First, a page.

What is it about?

Everybody is familiar with the following observation. When one fills a basin from a faucet, air bubbles are entrained downwards into the water and then rise toward the surface. However, when these bubbles are large enough, say with diameters of a few millimeters, they do not rise in a straight vertical line, and rather perform zigzagging or spiraling motions. This note summarizes the current theoretical knowledge concerning the hydrodynamic mechanisms that are hidden behind this intriguing « dance of bubbles » that was already described in several drawings by Leonardo Da Vinci five centuries ago. The paper shows that three distinct mechanisms may be involved in the genesis of the phenomenon: the wake that follows the bubble all along its ascent, the time-dependent deformations of the air-water interface, and the coupling between the bubble (considered as a rigid object) and the surrounding fluid. Over the last 15 years, successive numerical studies based on the linearized version of the equations governing the problem allowed the respective role of each of these three players to be examined separately. The first studies considered the role of the wake alone, with a bubble held fixed in a uniform current and keeping a frozen shape. Then, the next step considered bubbles, still with a prescribed shape, but allowed to move freely in the fluid under the effect of buoyancy. This second step was shown to capture the essential characteristics of the phenomenology observed with real bubbles rising in pure water, namely the switch from the initial vertical path to an oscillatory low-frequency motion when the bubble size exceeds a certain critical size. The most recent step considered the three players altogether and showed that the non-straight motion starts when the bubble diameter exceeds 1.85 millimeters, in excellent agreement with reference experiments. Putting together the conclusions of these successive studies, the paper emphasizes that neither the instability of the wake nor the variations of the interface shape are at the origin of the non-straight path of millimeter-sized bubbles rising in pure water, and indicates why the conclusions may be different in more viscous fluids. In pure water, the origin of the phenomenon stands in the coupling between the unconstrained motion of the bubble and the surrounding fluid; under certain conditions, solid bodies falling under the influence of gravity exhibit non-straight motions governed by a similar phenomenology. In the case of bubbles, time-dependent shape variations only have a secondary role: the critical size beyond which the straight vertical path of a fully deformable bubble becomes unstable is slightly lower than that of a bubble with a similar but frozen shape, but the phenomenology of the instability is the same in both cases.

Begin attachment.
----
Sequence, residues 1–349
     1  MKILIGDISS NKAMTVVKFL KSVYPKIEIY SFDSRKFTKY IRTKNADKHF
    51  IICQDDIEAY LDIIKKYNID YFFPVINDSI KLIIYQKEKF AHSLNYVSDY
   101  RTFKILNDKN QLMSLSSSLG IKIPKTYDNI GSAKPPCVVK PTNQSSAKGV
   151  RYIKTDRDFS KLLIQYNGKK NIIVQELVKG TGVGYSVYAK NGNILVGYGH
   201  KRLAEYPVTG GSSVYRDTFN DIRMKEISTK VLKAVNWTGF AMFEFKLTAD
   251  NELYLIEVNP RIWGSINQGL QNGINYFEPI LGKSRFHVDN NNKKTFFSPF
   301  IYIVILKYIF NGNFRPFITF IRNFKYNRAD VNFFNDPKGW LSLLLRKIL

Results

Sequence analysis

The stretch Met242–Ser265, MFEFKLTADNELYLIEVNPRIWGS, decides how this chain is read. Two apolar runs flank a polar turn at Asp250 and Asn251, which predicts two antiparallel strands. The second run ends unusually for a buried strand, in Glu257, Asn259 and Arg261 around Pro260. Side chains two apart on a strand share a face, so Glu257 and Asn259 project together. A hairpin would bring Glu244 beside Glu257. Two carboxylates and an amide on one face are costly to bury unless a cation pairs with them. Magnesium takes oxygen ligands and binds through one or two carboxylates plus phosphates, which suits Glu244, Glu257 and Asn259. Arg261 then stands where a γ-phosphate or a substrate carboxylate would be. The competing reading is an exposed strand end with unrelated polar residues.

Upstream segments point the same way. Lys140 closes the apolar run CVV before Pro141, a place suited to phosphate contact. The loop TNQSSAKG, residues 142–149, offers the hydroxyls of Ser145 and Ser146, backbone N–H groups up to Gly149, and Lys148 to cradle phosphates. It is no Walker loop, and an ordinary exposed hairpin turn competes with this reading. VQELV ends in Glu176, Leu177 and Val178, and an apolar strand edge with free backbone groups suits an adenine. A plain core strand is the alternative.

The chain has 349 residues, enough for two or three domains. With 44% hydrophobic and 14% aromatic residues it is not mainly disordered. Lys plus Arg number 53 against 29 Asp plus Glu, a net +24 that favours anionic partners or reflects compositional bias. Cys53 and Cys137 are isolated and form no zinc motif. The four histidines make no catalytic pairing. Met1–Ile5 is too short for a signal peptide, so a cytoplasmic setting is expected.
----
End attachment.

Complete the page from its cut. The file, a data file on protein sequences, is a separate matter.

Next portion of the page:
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Why is it important?

Speculations regarding the mechanism governing the path instability of rising bubbles have dotted the history of fluid dynamics, especially over the last 70 years. Recent publications suggest that incorrect views resulting from an incomplete appreciation of the phenomena at play still exist in the community. This note summarizes the main findings of a long series of systematic papers devoted to the origin of non-straight motions of bodies moving freely under the effect of gravity or buoyancy. It provides a rational appraisal of the respective role of each of the available mechanisms in the specific case of small bubbles rising in pure water.


Results reported in the paper are specific to pure water. Path instability of bubbles rising in liquids with a larger viscosity and/or a lower surface tension may follow different routes. A thorough exploration of the phenomenon across the whole range of conditions determined by the physical properties of the carrying liquid is needed. Moreover, with polar liquids such as water, gas-liquid interfaces are extremely sensitive to contamination by impurities. How the presence of such impurities alter the instability scenario established for pure water is still a totally open question.

Jacques Magnaudet
Centre National de la Recherche Scientifique

Read the Original

This page is a summary of: When, how, and why the path of an air bubble rising in pure water becomes unstable, Proceedings of the National Academy of Sciences, March 2023, Proceedings of the National Academy of Sciences,
DOI: 10.1073/pnas.2300897120.
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